Sanhill Crane Quartet

Sanhill Crane Quartet
OIl on 18x24 inch canvas

Sunday, November 26, 2017

High Priestess

Prints and other items are available through Fine Art America.

The High Priestess was named by my friend, Jamie Morris, because of it's resemblance to the tarot card of the same name. In that card, the High Priestess stands before a body of water regarding her own reflection with apparent indifference. The High Priestess isn't normally portrayed with her reflection, but she does represent the shadow side, the subconscious. She appears when you need to listen to your own inner voice. Egret appears when you are told that by grounding, spiritual and emotional insights will become clearer. You can achieve balance. So in this my own "tarot" card you are asked to find balance between the shadow world and the daylight world by grounding.

I completed this painting with Winsor Newton water mixable oil paints on a 12 x 24 canvas. When complete it was varnished with Gamvar Satin varnish by Gamblin.
Just click on Face Book page to see my slide show.

These are the colors I used: Titanium White, Lamp Black, Payne's Gray, Raw Umber, Viridian, Indian Red, Burnt Umber, Yellow Ochre, Cadmium Yellow. I used Liquin Original oil to thin the paint and quicken the drying time. 

Tuesday, October 31, 2017

Snowy Egret Grooming

This portrait of the Snowy Egret grooming was painted using oil on 12 x 24 black canvas. I began with a drawing in white charcoal and filled in the white areas. The painting is based on this image from Prints are available through Fine Art America. Additional items can be purchased through

Thursday, October 26, 2017

Peacock in Snow

This lovely portrait of a peacock posing in a snow covered landscape was done with oils on a 10 x 20 inch  1.5 inch deep canvas.

Prints of this paintings and other items are available at Fine Art America.

Wednesday, October 18, 2017

Duck Feathers

These perpendicular duck feathers were painting with oils on an 8 x 10 gesso board. I started out on a white background but when I was nearly done, I didn't like it and used Paynes gray to create a cloudy background. Prints and tots of this painting can be purchased at Fine Art America.

Saturday, October 7, 2017

Red Crown Amazon Parrot on canvas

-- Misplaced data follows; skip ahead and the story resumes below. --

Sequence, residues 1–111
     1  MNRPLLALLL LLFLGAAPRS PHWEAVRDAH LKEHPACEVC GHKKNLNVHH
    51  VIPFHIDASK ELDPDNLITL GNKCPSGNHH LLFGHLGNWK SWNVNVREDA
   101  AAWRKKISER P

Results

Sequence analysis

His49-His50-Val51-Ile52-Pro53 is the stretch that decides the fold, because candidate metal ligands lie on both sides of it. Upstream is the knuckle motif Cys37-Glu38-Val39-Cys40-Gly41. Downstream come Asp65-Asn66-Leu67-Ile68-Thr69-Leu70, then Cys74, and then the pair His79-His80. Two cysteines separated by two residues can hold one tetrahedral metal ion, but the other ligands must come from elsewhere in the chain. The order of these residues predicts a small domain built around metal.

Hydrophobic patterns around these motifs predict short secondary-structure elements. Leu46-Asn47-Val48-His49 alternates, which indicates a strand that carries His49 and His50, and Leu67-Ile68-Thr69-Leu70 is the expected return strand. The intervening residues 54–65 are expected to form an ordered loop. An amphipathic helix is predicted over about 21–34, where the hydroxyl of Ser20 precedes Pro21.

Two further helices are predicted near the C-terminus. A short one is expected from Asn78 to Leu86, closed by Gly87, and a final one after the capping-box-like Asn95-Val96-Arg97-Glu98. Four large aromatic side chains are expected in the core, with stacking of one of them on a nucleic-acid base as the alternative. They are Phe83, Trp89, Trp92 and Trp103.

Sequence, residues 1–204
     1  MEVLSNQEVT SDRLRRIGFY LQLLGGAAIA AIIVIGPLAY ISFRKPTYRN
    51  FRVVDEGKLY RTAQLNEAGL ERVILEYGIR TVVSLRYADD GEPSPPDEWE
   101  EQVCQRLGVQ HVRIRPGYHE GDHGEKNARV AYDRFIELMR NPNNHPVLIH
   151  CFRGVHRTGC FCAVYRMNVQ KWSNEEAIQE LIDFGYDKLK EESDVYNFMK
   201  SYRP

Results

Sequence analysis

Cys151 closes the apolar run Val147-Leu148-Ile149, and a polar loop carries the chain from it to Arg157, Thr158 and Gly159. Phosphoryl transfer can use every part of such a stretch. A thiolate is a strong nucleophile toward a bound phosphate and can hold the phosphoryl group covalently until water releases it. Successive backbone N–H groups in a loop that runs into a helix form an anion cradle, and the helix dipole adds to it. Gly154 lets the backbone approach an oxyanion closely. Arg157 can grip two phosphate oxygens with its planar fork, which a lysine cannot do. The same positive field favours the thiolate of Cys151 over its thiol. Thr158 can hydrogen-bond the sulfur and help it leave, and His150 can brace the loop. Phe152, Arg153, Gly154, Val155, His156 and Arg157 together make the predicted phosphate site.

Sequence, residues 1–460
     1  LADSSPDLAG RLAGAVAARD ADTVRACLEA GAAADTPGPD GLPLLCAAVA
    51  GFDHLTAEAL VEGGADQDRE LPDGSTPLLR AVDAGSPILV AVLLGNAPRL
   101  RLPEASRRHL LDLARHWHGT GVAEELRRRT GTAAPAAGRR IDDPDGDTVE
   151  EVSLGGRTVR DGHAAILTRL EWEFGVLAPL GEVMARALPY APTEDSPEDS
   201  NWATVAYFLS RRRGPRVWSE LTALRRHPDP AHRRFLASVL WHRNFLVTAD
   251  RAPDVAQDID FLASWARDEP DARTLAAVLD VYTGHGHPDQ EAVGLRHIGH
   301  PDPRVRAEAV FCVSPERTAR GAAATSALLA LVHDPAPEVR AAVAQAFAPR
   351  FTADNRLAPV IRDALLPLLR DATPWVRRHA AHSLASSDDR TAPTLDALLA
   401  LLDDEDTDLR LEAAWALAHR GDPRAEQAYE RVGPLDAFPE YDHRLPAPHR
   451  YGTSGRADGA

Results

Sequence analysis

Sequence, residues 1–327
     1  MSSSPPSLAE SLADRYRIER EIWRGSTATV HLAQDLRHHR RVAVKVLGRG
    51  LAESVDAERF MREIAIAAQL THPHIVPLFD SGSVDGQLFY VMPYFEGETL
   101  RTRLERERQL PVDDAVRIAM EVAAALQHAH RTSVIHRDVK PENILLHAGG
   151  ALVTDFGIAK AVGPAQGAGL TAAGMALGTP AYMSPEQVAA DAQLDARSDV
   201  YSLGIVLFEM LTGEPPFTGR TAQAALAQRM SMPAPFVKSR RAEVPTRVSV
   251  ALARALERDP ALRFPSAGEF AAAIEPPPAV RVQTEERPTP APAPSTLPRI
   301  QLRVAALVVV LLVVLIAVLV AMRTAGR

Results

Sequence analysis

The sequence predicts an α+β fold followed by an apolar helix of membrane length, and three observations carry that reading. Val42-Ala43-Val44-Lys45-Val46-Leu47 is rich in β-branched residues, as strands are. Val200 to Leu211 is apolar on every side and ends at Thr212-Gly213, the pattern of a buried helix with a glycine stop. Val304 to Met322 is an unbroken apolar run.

The Red Crown Amazon Parrot painted on a 12 inch square canvas using Winsor Newton water-soluble oil paint. Prints of this painting can be purchased at  Fine Art America. The image is based on a photo purchased from

Rock Dove

This portrait of the Rock Dove is painted on 8 x 10 gesso using Winsor Newton water mixable oil paints. Prints of this painting can be purchased at Fine Art America. The image is based on a photo purchased from

Barn Swallows

This pair of Barn Swallows were painted on 8 x 10 inch gesso panel using Winsor Newton water mixable oil paints. Prints of this painting can be purchased at Fine Art America. The image is based on a photo purchased from

Cocheral Hen

This portrait of a Cocheral hen was painted on a 12 inch square canvas using Winsor Newton water mixable oil paints. Prints of this painting can be purchased at Fine Art America. The image was purchased from


A male and female cardinal perched on sweet pea branches. This portrait on an 11 x 14 canvas was painted with Winsor Newton water mixable oil paints. This painting has been sold but prints may be purchased at Fine Art America. The composition is made from two different photos purchased from

Sand Hill Crane Quartet

Sandhill Cranes, 18 x24 inch canvas painted using Winsor Newton water mixable oil paints. The other day I was at a Winn Dixie parking lot and down swooped a flock of these magnificent birds. I'd only ever seen them in photographs. I took lots of photos and created this composition, relocating them to a sand dune. Prints of this painting can be purchased from Fine Art America.